The Greek alphabet has three forms for the voiceless alveolar sibilant letter -- SIGMA, two lower case, and one capitalized. The second lower case SIGMA is only used at the end of the word.
These letters are not in our alphabetical order. If you want to know how the Greek alphabet acquired this particular order, please read the "Alphabet Order" section of The Development of the Greek Alphabet.
Even if you never plan to learn Greek, there are good reasons to familiarize yourself with the alphabet. Mathematics and Science use Greek letters like PI (π) to complement the numeric symbols. That same SIGMA in its capital form, can stand for "sum," while the letter DELTA can mean "change."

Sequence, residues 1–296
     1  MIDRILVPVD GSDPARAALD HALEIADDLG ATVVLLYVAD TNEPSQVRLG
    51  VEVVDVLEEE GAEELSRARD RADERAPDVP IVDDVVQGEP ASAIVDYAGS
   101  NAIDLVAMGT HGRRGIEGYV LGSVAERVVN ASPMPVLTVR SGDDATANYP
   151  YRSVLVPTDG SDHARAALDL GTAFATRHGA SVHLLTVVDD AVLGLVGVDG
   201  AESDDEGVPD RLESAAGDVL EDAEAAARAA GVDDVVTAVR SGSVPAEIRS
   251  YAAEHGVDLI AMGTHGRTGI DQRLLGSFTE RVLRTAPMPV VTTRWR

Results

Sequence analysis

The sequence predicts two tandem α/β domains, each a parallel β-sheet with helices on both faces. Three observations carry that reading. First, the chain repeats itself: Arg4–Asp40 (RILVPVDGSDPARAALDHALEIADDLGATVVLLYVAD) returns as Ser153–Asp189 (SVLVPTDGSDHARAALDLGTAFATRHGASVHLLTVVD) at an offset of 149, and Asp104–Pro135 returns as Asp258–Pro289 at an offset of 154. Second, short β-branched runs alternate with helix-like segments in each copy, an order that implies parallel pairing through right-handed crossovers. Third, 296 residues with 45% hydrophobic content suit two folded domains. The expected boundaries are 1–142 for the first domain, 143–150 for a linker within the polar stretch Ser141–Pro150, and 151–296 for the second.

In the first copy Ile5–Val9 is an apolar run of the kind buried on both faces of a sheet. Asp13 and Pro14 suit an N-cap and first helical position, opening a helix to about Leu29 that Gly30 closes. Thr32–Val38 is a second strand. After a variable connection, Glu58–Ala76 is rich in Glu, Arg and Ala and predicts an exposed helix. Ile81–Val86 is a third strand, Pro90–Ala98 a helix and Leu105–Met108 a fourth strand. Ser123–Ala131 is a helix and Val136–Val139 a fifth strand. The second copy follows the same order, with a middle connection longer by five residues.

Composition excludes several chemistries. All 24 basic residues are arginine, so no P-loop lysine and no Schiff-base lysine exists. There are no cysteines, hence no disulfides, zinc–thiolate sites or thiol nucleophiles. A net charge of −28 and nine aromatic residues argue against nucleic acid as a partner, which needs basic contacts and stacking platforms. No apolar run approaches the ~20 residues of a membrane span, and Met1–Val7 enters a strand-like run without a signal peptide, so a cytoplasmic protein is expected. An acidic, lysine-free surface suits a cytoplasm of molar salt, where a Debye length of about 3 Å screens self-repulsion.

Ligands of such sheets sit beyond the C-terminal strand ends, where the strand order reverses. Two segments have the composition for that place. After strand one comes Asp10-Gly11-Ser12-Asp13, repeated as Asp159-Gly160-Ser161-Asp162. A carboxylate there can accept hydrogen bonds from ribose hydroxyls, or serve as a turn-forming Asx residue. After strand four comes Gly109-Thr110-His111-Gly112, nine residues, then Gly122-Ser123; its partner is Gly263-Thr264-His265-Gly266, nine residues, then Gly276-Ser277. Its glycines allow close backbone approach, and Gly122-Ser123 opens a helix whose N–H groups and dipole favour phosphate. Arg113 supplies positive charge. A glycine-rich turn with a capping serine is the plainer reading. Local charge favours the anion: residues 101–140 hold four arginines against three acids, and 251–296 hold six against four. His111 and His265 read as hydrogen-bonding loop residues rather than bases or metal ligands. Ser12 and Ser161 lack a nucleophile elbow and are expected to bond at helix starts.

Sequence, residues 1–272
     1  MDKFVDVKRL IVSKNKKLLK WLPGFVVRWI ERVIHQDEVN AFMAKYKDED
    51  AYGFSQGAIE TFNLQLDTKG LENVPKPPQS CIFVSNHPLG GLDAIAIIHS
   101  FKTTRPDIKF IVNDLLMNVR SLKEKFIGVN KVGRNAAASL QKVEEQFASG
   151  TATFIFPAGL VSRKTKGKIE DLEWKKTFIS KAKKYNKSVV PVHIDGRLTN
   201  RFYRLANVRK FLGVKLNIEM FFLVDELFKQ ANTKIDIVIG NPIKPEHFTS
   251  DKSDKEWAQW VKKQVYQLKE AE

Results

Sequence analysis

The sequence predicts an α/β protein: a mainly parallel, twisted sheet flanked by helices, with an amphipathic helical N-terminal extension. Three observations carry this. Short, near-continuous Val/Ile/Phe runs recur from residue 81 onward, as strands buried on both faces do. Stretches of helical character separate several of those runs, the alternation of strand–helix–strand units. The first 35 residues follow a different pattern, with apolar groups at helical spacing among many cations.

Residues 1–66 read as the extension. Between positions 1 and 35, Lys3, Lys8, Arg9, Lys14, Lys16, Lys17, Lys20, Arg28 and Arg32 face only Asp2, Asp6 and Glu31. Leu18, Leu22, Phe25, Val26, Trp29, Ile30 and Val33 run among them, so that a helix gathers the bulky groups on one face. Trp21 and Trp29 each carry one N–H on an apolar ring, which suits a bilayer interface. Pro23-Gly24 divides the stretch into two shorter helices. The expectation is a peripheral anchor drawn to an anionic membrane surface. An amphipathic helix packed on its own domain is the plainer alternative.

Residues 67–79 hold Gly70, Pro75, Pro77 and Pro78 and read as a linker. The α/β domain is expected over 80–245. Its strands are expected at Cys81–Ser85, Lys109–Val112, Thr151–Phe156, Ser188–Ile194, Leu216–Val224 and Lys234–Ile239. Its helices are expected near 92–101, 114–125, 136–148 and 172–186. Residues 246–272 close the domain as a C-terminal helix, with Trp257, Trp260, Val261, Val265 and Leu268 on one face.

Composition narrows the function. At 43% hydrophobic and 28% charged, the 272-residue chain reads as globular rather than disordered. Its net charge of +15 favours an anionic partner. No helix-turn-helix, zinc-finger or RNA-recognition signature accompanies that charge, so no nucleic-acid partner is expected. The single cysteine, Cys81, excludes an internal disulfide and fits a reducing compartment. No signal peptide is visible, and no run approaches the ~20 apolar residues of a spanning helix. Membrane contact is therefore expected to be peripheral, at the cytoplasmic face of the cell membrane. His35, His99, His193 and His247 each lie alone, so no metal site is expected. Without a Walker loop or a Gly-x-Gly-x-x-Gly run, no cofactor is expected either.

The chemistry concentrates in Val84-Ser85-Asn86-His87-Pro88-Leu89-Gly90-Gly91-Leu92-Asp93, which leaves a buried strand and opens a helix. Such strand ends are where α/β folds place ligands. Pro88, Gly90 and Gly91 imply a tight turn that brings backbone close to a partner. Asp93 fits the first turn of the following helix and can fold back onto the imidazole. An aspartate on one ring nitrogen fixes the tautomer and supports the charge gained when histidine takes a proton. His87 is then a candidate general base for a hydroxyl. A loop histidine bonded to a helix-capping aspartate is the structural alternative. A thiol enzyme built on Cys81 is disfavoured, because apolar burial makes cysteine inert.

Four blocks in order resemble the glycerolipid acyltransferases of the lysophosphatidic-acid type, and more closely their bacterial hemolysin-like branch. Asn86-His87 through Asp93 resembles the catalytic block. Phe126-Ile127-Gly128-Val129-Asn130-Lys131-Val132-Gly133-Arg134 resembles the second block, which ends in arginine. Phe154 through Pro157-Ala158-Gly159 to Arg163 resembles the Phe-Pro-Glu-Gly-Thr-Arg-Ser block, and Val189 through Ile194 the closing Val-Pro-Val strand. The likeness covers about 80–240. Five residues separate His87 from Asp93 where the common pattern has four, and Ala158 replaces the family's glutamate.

Some books in English are numbered using the letters of the Greek alphabet. Sometimes, both lower case and capitals are employed for simplification. Thus, you may find that the books of the Iliad are written Α to Ω and those of the Odyssey, α to ω.
Why You Should Know the Greek Alphabet
|Upper Case||Lower Case||Letter Name|